At Seacrest Country Day I  continued to hone my craft by collaborating with the Lower School so level IV juniors would teach the Kindergarten students. I continued teaching French, and re-built the Upper School Spanish program from a disarrayed state. I have also coached Girls Varsity Soccer, improving their record of wins per season. In the Spring I also coached Girls Varsity Tennis, with our Third Singles player winning the District Championship.

Besides winning the E.E Ford Award for exceptional teaching at Walnut Hill, at UNC I consistently received superior reviews, even for teaching French. My teaching steadily placed in the highest percentiles for the department. I averaged an 8.47% overall difference over the departmental teaching averages.

Real learning happens from a place of wanting to learn, a place of openness, and vulnerability. Getting the students to that place requires a relationship of trust, understanding and fairness. That is what I build from day one in the classroom. On the first day of class, having memorized all students’ names from the roster photos, I stand by the door and shake hands and greet every student by name. Then we go over the expectations for the class with a fine tooth comb. An old cell phone “planted” with the first student who walks in will fly out the window, thus ensuring that I will not see a phone all semester. After that comes a fine balance of hard work and fun. I show up early to the classroom to chat and play Spanish music videos for the students as they walk into the room and settle down. From coaching I learned the importance of constant drilling of basics. We always go over grammar, driving at it from as many angles as possible to cater to all learning styles. And talking  ̶ everybody talks about what they are going to do over the weekend, and on Mondays everybody talks about what they did. The students are encouraged to make announcements and to keep us posted of important developments in their lives. We talk and talk, about food, restaurants, sports, music. While this paints a “fun and games” picture of my classes, it is used to offset the stiff payload of work packed into the course. My passionate sharing builds an intangible bond between the students and the culture. Being multicultural, I have had to cultivate a strong, effective bridge that conveys my enthusiasm for cultural differences.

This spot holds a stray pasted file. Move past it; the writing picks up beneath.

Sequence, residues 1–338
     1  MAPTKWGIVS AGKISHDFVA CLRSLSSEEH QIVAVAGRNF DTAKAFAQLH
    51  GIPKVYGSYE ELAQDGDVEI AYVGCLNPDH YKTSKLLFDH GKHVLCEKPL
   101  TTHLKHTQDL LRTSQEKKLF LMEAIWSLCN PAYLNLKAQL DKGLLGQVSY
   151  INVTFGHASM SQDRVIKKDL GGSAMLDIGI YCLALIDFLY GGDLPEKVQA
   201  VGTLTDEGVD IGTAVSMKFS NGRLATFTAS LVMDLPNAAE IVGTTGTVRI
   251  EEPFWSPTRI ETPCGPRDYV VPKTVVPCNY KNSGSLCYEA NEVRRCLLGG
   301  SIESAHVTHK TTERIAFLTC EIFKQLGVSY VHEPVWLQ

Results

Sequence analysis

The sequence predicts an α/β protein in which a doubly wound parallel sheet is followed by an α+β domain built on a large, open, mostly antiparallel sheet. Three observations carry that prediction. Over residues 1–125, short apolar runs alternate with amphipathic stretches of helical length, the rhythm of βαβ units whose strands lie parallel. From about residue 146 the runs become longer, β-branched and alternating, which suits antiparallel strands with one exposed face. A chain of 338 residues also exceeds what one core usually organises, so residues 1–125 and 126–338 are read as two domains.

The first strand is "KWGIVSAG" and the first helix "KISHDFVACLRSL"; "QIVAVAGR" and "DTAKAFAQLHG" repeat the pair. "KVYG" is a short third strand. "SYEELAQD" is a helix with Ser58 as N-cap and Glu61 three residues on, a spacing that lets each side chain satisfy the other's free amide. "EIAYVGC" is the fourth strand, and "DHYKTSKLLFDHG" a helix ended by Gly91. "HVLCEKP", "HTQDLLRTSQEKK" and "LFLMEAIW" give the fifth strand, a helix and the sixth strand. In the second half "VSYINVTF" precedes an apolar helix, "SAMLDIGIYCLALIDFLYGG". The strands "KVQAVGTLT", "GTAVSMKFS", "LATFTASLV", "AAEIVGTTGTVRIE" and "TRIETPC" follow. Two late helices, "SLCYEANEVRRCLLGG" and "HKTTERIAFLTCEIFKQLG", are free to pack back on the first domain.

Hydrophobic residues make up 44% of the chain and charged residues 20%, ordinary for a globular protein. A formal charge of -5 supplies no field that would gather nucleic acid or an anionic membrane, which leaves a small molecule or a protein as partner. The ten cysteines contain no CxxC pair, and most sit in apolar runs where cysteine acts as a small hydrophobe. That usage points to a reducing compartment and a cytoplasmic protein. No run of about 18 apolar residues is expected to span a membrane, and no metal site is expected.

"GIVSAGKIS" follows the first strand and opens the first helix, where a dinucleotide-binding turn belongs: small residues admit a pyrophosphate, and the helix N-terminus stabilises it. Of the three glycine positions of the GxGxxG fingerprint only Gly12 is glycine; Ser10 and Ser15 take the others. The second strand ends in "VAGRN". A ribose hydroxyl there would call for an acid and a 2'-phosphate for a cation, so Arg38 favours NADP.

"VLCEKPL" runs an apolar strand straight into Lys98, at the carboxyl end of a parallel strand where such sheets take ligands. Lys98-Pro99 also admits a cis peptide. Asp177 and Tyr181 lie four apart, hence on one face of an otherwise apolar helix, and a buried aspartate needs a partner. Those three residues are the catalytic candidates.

As much as we want to implement scientific approaches to language learning and teaching, and to a certain extent we can, the basis of teaching has to come from an organic desire to learn ̶ from curiosity. Our jobs as teachers revolve around making that need happen. The motivated student must be kept motivated, while the unmotivated student has to be inspired to want to learn. That is best done through building a rapport. It will rarely come from a book, or from a lecture, or from technology; it will happen from a relationship.

After two days of faculty meetings and an apparently endless number of  year-end parties I can finally say my academic year is over, and what a year it has been. Granted, the first year at any job is always going to be hard. Add to that coaching two varsity level sports, editing my dissertation for publishing, a new town, a new state, and more importantly a new climate zone – Sub Tropical, and it was quite an experience.

Naples is the southernmost town on the West Coast, the Gulf Coast of Florida. The city did not really develop until the second half of the XX C with the advent of air conditioning. To this day it is still very much a resort town which booms in size from December to May with rich northerners, mostly from the Mid-West spending the “season” here. They have beautiful homes and cars, go to overrated and overpriced restaurants, and play golf, lots of golf. There are 80 golf courses in Naples, apparently the highest concentration of golf courses per capita in the US. The beach, did I mention there is a beach? The beach is miles of silky while sand, and since it is protected by the Gulf, it has quiet waters with small waves. It is a beautiful town with palm lined streets and gorgeous homes. The municipal tennis courts around the corner from my apartment have decadent clay surfaces. There are cute coffee shops, bars, cigar bars, and even some interesting restaurants. Half an hour driving and you are in the Everglades, the world’s largest Sub-Tropical jungle, infested with alligators, Florida panthers, etc.